With his rumpled raincoat, ever-present cigar, bumbling demeanour and Sherlock Holmesian powers of deduction, disarmingly polite homicide detective Lieutenant Columbo took on some of the most cunning murderers in Los Angeles, most of whom made one fatal, irrevocable mistake: underestimating his investigative genius.
Dr. Cal Lightman teaches a course in body language and makes an honest fortune exploiting it. He's employed by various public authorities in various investigations, doing more when the ... See full summary »
The show follows a crime, usually adapted from current headlines, from two separate vantage points. The first half of the show concentrates on the investigation of the crime by the police, the second half follows the prosecution of the crime in court.
Jesse L. Martin,
Recovering from the horrors of World War I, British Army officer Arthur Hastings hopes to find peace and quiet at a country manor in the English countryside. But when the matriarch dies during the night from strychnine poisoning, Hastings enlists the help of an old friend staying nearby with other war refugees to help solve the murder: former Belgian police detective Hercule Poirot. Written by
Enjoyable but not as entertaining or engaging as the previous 2 seasons
Although IMDb lists this feature length outing as the first episode of the third season, it is actually a stand-alone episode which was made to mark 100 years since the birth of Christie. I know this because early doors I did have to do some Googling to understand the context because the film is the very first book where Poirot makes an appearance and as it fit into the flow of the season. The plot sees Hastings having only previously met Poirot once but by chance reunited with him as the little Belgian and others have temporarily been granted entry into the UK to escape the war. Whenever the residence where Hastings is staying experiences a death, he suggests they involve Poirot to help with the investigation.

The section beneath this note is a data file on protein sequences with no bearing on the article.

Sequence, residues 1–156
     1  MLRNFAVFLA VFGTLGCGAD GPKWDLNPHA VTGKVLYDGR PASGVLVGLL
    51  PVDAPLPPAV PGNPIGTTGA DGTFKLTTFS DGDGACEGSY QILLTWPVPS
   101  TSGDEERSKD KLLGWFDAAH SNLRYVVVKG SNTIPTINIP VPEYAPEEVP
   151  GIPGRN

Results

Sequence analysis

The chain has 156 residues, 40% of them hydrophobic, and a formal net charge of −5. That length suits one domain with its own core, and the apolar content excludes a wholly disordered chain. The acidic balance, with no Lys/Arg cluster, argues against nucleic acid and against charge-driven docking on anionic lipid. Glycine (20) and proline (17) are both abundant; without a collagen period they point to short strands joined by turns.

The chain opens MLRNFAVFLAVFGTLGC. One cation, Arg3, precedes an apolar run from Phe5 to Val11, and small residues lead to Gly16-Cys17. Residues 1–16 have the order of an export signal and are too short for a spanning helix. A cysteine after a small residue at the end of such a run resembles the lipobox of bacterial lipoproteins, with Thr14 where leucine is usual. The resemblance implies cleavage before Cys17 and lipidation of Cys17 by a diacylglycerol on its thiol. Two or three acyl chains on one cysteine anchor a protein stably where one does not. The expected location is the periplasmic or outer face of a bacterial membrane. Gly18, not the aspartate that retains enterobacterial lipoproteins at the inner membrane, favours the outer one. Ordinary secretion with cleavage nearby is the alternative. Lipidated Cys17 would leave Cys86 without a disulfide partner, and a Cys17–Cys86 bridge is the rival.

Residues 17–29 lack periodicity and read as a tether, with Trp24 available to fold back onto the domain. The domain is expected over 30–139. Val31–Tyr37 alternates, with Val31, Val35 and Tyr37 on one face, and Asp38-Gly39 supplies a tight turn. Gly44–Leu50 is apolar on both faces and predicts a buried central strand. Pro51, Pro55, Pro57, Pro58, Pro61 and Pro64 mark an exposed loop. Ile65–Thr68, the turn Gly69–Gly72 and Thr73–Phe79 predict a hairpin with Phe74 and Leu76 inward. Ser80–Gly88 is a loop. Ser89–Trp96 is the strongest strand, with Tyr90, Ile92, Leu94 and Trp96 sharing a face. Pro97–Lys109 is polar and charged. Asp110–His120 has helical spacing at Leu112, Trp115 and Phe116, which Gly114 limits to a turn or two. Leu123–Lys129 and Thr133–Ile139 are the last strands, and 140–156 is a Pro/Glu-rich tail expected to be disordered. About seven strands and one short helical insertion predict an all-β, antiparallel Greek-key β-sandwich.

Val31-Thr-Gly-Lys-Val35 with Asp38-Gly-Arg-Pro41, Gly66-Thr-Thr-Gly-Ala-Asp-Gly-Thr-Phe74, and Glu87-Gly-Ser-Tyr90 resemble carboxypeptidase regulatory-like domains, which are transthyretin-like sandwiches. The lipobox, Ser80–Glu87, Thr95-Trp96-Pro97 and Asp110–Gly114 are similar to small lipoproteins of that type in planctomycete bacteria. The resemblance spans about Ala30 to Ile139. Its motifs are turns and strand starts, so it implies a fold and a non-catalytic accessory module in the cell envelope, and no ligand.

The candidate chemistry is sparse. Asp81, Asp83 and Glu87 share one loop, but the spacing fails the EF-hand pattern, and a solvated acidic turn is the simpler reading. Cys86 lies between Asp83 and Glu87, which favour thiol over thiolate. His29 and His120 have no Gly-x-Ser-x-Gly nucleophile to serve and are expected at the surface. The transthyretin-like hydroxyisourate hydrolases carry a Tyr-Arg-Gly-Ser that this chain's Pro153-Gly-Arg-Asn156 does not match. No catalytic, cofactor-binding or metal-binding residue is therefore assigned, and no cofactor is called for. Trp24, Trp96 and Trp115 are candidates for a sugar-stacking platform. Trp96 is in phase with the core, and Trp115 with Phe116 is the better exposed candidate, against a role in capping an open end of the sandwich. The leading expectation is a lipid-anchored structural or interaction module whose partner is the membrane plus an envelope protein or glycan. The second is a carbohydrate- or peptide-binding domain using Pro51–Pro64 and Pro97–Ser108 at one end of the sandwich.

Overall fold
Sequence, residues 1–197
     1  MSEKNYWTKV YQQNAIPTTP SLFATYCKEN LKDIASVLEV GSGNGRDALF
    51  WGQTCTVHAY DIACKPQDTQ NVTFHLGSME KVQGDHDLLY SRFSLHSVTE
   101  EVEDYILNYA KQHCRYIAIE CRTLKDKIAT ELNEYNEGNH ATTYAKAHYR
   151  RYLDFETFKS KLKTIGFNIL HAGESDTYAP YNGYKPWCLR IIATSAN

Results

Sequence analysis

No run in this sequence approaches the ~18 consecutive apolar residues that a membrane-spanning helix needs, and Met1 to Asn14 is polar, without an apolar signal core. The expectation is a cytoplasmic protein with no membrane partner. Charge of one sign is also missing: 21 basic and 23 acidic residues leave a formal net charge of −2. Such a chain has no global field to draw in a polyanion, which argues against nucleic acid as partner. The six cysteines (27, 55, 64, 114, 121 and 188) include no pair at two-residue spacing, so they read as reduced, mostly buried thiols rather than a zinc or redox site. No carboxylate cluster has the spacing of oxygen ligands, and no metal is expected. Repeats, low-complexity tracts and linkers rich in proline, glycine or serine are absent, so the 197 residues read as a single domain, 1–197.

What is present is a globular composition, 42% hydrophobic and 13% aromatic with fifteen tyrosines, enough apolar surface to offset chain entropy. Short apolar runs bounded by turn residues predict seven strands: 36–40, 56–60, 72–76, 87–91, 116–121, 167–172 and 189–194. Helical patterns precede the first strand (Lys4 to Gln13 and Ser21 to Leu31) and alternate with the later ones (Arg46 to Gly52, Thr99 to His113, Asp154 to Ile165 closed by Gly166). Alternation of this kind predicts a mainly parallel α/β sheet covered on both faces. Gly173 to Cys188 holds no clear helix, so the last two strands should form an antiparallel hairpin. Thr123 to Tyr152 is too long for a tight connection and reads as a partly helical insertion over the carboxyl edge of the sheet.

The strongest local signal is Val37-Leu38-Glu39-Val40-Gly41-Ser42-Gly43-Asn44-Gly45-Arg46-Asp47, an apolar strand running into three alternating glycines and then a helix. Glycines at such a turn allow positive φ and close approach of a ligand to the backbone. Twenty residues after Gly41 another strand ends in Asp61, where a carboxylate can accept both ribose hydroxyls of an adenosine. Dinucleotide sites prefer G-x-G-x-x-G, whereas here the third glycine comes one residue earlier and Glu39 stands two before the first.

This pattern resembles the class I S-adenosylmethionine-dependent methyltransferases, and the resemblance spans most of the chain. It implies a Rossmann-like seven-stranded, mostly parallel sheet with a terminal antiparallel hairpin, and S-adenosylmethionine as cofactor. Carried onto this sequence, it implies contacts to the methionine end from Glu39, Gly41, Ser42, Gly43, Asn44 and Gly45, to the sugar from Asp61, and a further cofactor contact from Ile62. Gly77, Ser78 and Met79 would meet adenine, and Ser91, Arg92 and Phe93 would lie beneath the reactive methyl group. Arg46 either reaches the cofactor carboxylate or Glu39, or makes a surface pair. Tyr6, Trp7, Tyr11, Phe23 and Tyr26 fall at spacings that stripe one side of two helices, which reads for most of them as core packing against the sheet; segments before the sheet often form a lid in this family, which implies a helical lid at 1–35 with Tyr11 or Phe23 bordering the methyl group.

The change in time appears to have had other impacts too because this special is not quite as good as the previous two seasons had been. The change in dynamic and relationship is an impact but it is not particularly negative in the grand scheme of things but it does jar a little when watching in the context of the previous episodes; Hastings is a darker character in the wake of the war and Poirot's relationship with him is perhaps too superficial (as one would expect) so the humor between them is not as evident. The plot is engaging but not all of it makes sense and as part of filling out two hours, there is a lot more in the way of red herrings than normal which by definition means that the mystery becomes less accessible and less straightforward. These factors are small things though because, although clearly different from the episodes before, the film still works very well and delivers in the ways it normally does even if that is not quite as well as we are used to.
The cast remain very good although understandably there is some restrictions on their characters as we "get the gang together" as it were. Suchet is as good as ever even in a younger appearance; I liked that he retained the character but made it work a few steps earlier in the line for example his fussy, irritable streak is more gently shown with an attention to detail. Fraser has less of a comedic role, which is a shame as he is very good at that, but he does make for more of a rounded character. Jackson is solid in support as usual but is less used. The supporting cast are generally pretty good although in a way I went for them less because to me they were part of the "fuller" film feel and thus worked a little against the fresher, more accessible plots than I had enjoyed of late.
The Mysterious Affair at Styles is still a very enjoyable film that is a nice addition to the episodes even if it clunks a little bit against the flow. The essence is still there even if it must be said the longer running time and the change in the dynamics does rather reduce the fresh humor of the episodes and how accessible they were.
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